New Python.org website ?

Tim Parkin tim at pollenation.net
Sun Jan 15 12:39:17 CET 2006


Martin Maney wrote:

>Nah, it's very simple, if you can let go of the wrong-headed notion
>that the web is just like print media.  Of course that means you're
>unlikely to win any design awards, or even get a lot of commecnts about
>how spiffy your web site looks, because all the design geeks will judge
>you by the inapproriate standards of print media.  You may, however,
>get pats on the back from people who actually use the site, and
>appreciate a readable, logical layout far more than design school gloss
>(and fonts too small to be easily read by many; no, Aahz, IMO your
>solution throws out far too much along with the bath water, though I
>have to agree that the font size problem vanishes if one uses a
>text-mode browser <grin>).
>  
>
Fortunately, what you are asking for is to be provided just the plain
text information with sufficient semantic markup to indicate logical
groupings of text such as headers, lists, etc. You've got that with the
new website, just disable your styles sheet.

>>From a quick look, the beta appears to commit the same error as every
>design (as opposed to usability) driven web site in the world: it makes
>the running text smaller than the user's default.  It's as if they care
>more about how it looks than whether I can read it (as far as I can
>tell, that's exactly the case, though it may just be that few are
>willing to admit that the designs that they've learned to make, and
>that do work well in high-resolution print, just suck on the web where
>a high resolution screen is coarser than a bad fax.  bad artists, the
>lot of them, who persist in ignoring the characteristics of the medium
>they're working in).
>  
>
Absolute nonsense, would you prefer we take our cue from. Just for your
information, I've never worked in print design in my life. People tend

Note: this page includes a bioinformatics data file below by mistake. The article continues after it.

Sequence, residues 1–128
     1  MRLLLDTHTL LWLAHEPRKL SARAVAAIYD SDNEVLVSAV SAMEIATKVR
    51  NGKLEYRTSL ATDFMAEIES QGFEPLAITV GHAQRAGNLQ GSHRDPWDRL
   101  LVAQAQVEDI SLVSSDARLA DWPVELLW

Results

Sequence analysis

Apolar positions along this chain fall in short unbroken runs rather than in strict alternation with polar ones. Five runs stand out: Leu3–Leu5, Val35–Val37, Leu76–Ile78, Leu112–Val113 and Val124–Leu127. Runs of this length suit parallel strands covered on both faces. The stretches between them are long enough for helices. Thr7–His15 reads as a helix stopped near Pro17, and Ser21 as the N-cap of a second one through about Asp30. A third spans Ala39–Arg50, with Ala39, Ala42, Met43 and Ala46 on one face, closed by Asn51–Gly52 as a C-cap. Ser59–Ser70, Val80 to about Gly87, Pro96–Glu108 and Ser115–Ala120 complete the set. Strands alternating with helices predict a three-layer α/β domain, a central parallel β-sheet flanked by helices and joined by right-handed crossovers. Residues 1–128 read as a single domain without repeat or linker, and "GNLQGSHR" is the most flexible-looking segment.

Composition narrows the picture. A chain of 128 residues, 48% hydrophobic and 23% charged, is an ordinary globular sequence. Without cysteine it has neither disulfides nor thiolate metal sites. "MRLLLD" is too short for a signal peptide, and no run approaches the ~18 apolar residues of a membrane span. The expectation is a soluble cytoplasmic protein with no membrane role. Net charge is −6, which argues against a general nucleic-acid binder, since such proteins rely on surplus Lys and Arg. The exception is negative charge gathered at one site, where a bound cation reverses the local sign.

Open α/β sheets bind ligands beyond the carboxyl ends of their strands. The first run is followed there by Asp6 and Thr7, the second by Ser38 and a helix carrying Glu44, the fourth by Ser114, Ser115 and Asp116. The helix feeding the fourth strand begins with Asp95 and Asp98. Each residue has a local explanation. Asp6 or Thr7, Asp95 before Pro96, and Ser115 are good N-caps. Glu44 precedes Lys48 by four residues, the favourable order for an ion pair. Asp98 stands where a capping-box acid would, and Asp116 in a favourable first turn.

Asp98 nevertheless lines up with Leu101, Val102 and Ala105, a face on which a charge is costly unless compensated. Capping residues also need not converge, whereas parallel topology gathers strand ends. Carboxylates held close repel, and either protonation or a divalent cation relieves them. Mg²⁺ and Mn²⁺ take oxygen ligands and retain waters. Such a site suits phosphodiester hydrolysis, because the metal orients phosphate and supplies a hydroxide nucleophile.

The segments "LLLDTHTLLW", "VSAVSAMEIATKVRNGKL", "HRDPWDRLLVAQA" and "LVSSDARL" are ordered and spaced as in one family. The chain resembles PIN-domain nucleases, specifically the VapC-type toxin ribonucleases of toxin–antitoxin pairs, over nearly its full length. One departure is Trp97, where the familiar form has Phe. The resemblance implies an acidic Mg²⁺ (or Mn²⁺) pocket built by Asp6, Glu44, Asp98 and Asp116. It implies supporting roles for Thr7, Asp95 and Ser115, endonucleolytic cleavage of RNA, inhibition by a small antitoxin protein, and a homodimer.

to have a 'preferred' font size for working in. This is normally smaller
than the standard font that is delivered on the standard system running
a standard browser. For this vast majority, it aids usability for them
to have a smaller than normal body font. Possibly in an ideal world, all
websites would not set a body copy font size and it would make sense for
each user to pick the one that most suited them. Unfortunatley, if we do
that, the majority of sites break so whatever we do is a *compromise*.
I'd like to live in  the world where we don't have to do this.

As a matter of interest are you a professional design, web architect,
empassioned ameuter web designer or just an observer making casual
comments? (it's just that if you're a professional or empassioned
amateur, I'd like to know how you managed to deal with the same balance
and which group of users you would choose to cater for more)

>It's otherwise nice, and I didn't see any problems with overlapping
>texts (in Firefox, etc.) at any halfway reasonable window size, but
>perhaps that was corrected already.  The name of the city in Sweden is
>mangled in every encoding I've tried - the headline is proper UTF-8,
>but the mention in the paragraph is weird.
>
>  
>
Yep.. it's just a double encoding problem.. the source was iso8859-1 and
it got reprocessed as utf8.

And thanks for the feedback.. it all gets listened to. (btw, we're also
adding supplementary style sheets for different purposes - one for a
larger text size for instance - a beta of the large text style on is
available on the beta site at the moment, it still needs a couple of
tweaks with the menu)


Tim



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